Sunday, 4 January 2015

Embryology and the Qur'an

The internet provides a vehicle for many to communicate their beliefs.  Muslims have also taken to social media (like twitter) to proselytize for their religion. A popular tactic is to claim that the qur'an is filled with modern scientific knowledge.  This seems to be a bizarre tactic.  The Islamic world has not really been at the forefront of scientific discovery since, well, Copernicus worked out that the solar system was heliocentric before Muslim astronomers.  Despite studying an ancient book that provides apparently, all kinds of useful pointers on modern science, the Islamic world is deeply under-represented in science Nobel prizes etc.

One of the claims does interest me as a biologist, and also as an atheist who gets this ploy used on me a lot.  This is the claim that the qur'an anticipates modern (human) embryology.  This could only have a divine origin (despite its erstwhile similarities to Galen, for whom no such divine inspiration is attributed).
Human Embryo

The relevant verses are 23:12-14.  So I just want to look at these quickly.
We created man from an extract of clay. Then We made him as a drop in a place of settlement, firmly fixed. Then We made the drop into an alaqah (leech, suspended thing, and blood clot), then We made the alaqah into a mudghah (chewed-like substance)...
[Noble Quran 23:12-14]  


23:12 claims that humans are made from clay.   Now because clay is mostly aluminum and silicon and contain little of the organic material this is clearly not the case (the 6 macro-elements we look for as life's basic building blocks are Hydrogen, Oxygen, Nitrogen, Phosphorus, Carbon and Sulphur). It is perhaps more likely this is meant in an allegorical rather than scientific sense.  But if we accept this is not being scientific, then well, it is not clear why the remaining verses are supposed to be scientific. 


23:13 introduces the drop (nutfah) which also presents problems. It doesn't take divine inspiration to realise that the ejaculate from a male can be a liquid drop.  It would be impressive if the qur'an mentioned sperm and eggs.  But it doesn't. In fact, eggs (baydeh) are nowhere mentioned.  It strikes me that as a guide to modern embryology, omitting any mention of eggs is well, astonishing. Parenthetically, sperm isn't mentioned either. Sometimes special pleading is used to infer that the nutfah means a human gamete. But there is nothing here that hints at the microscopic world. 

The claim of a safe lodging would also contradict ectopic pregnancies, where the gamete might settle in the fallopian tube or abdomen. This unsafe location causes miscarriages or at worst, painful pregnancies fatal to mother and child.


23:14 then gets very complicated as many words gets vaguer. The first stages of  embryology (blastula, gastrula) don't involve any blood vessels, so a clot isn't a good description.  It seems more plausible that the spotting that sometimes occurs in early pregnancies- or even miscarriages- would cause a 'blood clot' deduction.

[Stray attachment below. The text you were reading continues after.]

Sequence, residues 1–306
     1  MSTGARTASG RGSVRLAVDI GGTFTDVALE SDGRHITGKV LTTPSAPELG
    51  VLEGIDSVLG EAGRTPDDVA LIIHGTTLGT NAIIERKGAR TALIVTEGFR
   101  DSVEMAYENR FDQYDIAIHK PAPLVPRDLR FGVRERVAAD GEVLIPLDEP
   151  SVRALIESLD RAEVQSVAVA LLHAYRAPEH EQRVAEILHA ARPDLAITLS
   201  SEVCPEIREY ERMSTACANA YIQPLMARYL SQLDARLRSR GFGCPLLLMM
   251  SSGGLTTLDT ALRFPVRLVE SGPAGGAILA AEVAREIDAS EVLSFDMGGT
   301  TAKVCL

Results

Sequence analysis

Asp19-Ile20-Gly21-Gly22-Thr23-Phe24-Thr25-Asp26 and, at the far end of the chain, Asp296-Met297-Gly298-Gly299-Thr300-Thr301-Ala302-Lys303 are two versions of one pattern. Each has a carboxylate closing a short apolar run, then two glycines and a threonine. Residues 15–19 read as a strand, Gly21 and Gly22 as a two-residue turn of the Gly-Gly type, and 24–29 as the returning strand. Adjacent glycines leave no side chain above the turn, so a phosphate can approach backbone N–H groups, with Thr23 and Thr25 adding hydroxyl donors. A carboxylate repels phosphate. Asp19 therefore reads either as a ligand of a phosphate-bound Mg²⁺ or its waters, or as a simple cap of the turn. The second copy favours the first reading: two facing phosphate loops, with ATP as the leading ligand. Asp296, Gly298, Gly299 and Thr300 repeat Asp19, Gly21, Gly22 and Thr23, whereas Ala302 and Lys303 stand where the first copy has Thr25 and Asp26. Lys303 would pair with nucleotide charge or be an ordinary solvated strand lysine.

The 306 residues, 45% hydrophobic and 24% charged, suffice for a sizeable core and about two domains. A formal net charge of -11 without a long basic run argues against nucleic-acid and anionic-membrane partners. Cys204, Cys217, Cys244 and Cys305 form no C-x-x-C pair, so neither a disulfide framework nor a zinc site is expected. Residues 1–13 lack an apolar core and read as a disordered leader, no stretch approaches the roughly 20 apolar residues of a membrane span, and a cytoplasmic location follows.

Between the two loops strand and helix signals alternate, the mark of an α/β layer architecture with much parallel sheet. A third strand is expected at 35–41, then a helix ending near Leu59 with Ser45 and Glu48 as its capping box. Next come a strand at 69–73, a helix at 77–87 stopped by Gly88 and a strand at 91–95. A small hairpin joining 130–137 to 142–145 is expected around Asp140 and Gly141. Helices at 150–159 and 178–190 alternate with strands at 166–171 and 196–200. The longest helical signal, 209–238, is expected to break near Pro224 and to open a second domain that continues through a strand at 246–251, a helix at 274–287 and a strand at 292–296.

Alternatively, alaqah could be a metaphor based on a leech.  If so, it is not a very good one.  Leeches are protostomes whilst humans are deuterostomes. We haven't been alike for about 600my. Leeches lack a notochord, they lack limb buds, they lack pharyngeal arches.  A human embryo doesn't digest its host's blood. It doesn't use its mouth-parts to interact with its host.  

Even if we want to go with a leech-like interpretation over the blood-clot for alaqah, then this does not imply divine insight.  For a people familiar with butchering animals (and dare I say, people on occasion), it wouldn't take much powers of observation to notice small embryos attached to the uterus of pregnant mammals.  For ancient peoples, these likely resembled leeches.


The text above omits the last part of 23:14.  Here are two translations of it:

Muhsin Khan Then We made the Nutfah into a clot (a piece of thick coagulated blood), then We made the clot into a little lump of flesh, then We made out of that little lump of flesh bones, then We clothed the bones with flesh, and then We brought it forth as another creation. So blessed be Allah, the Best of creators.

Pickthall Then fashioned We the drop a clot, then fashioned We the clot a little lump, then fashioned We the little lump bones, then clothed the bones with flesh, and then produced it as another creation. So blessed be Allah, the Best of creators!
The issue here is simply the order bones appear. It appears to describe two stages. First, the mudghah becomes bones, then the bones are covered in flesh. This is likely a deduction of people used to butchering animals, and had no way of conceiving how muscles and flesh could be attached to bones without the skeleton being formed first.

The problem is that bones form last. Reduced to the basic steps, mesenchymal cells within the embryo first differentiate into cartilage lines. Later this cartilage is replaced by bone. At no point would we say that the bones are later covered in flesh. 


 It is obvious that the qur'an does not describe human embryology at any useful level.  Rather the argument depends on some very heroic special pleading. Modern scientific discoveries are retrofitted to vague language to make claims that go far beyond the verses.  It also depends on poor knowledge of embryology.  No quantity of Youtube videos or webpages can hide the fact that the Qur'an simply does not describe human embryology.  Rather than being special advanced knowledge, the qur'an seems entirely consistent with knowledge of the era. I'm reluctant to believe that the "creator of the universe" sic would know as little biology as the typical 6th C Arab.